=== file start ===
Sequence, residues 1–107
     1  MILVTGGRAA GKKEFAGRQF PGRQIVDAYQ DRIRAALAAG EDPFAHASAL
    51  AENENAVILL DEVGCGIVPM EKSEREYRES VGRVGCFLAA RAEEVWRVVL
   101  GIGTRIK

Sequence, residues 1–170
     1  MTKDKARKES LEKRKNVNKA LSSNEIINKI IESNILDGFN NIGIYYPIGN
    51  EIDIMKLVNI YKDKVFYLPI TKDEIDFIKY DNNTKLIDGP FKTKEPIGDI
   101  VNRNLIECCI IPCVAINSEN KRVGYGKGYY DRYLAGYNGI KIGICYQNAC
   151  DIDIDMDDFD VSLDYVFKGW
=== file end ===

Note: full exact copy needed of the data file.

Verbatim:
Sequence, residues 1–107
     1  MILVTGGRAA GKKEFAGRQF PGRQIVDAYQ DRIRAALAAG EDPFAHASAL
    51  AENENAVILL DEVGCGIVPM EKSEREYRES VGRVGCFLAA RAEEVWRVVL
   101  GIGTRIK

Sequence, residues 1–170
     1  MTKDKARKES LEKRKNVNKA LSSNEIINKI IESNILDGFN NIGIYYPIGN
    51  EIDIMKLVNI YKDKVFYLPI TKDEIDFIKY DNNTKLIDGP FKTKEPIGDI
   101  VNRNLIECCI IPCVAINSEN KRVGYGKGYY DRYLAGYNGI KIGICYQNAC
   151  DIDIDMDDFD VSLDYVFKGW